During a workshop a few months ago, Michael Burcham said: “Every time you make a policy for something that is common sense, you take a little piece of everybody’s brain.”
I chuckled at the candor (and the image), but have been digesting it ever since.
It seems to me that policy, best used, establishes a safety net for the organization (or a community of people of any sort). It sort of says: if our people or our actions fall below this basic level, or beyond this broad range of acceptable behavior, then there will be consequences. If there are uncertainties for the individual member where he needs guidance from the organization, there it is.
In these cases, policy is intended to be behind-the-scenes and not an explicit part of everyday interactions (except for the HR directors and the like who manage them for the organization). Policy should provide a baseline, or set of parameters, that most successful employees don’t spend much time hovering around.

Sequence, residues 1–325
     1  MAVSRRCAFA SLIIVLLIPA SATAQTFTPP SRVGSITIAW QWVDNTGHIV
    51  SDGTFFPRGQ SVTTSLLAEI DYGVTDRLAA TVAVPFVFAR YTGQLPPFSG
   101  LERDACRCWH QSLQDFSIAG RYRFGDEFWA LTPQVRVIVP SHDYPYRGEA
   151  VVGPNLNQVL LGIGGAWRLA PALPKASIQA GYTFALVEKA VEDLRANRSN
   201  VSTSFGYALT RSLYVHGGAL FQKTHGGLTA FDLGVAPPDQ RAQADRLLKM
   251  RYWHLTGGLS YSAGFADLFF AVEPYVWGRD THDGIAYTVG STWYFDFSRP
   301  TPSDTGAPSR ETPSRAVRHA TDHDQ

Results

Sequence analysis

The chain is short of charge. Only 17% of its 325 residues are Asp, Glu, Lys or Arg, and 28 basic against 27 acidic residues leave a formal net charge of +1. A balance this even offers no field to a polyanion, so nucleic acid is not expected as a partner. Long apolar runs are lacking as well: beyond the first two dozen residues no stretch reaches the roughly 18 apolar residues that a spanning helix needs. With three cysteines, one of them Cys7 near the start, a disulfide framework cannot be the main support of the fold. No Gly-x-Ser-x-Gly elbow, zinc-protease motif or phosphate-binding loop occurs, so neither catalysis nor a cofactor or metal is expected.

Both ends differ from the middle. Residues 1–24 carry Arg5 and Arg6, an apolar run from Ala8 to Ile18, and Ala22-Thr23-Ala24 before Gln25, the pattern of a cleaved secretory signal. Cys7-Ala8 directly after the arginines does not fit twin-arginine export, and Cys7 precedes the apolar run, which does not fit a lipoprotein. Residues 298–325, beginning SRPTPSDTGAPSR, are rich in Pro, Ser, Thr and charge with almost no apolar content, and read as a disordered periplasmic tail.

But, for many, particularly larger organizations, instead of providing broad parameters, policy is perceived to define the accepted level of execution. It has moved from covering the organization for the worst-case scenario to codifying expectations of daily performance. So, people at a decisive moment defer to policy rather than their common sense.
And, this, according to Burcham, is where we lose a piece of our brain, and (according to me) our soul.
So, we must decide if we want policy-driven organizations or people-driven organizations (or likely an effective balance of both). The former leverages the tools of the organization, the latter the tools and creativity of all of its members. The former slows and systematizes organizational function, the latter helps it remain nimble and open to new inputs. Either in the extreme exposes the organization to a different set of threats.
Which brings me to another quote from Burcham that day: “Your people should grow at a faster rate than your company.”
So, there is the real challenge! When you look at your company or your organization, are the people who make it up growing faster than the entity as a whole? Are they pushing you for new opportunities for personal growth? Can they execute without micromanagement? Do they surprise you with their problem-solving? Are they generating innovation and developing ideas to drive you forward?
Or, are they waiting on direction? Acting only if policy is there to guide them?
If it’s the latter, they may have experienced a policy lobotomy.